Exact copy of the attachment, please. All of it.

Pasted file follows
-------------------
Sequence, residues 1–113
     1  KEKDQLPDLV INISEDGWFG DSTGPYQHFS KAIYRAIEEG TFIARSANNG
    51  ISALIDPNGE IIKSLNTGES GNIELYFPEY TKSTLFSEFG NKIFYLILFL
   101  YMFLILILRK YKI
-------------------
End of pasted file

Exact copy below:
Sequence, residues 1–113
     1  KEKDQLPDLV INISEDGWFG DSTGPYQHFS KAIYRAIEEG TFIARSANNG
    51  ISALIDPNGE IIKSLNTGES GNIELYFPEY TKSTLFSEFG NKIFYLILFL
   101  YMFLILILRK YKI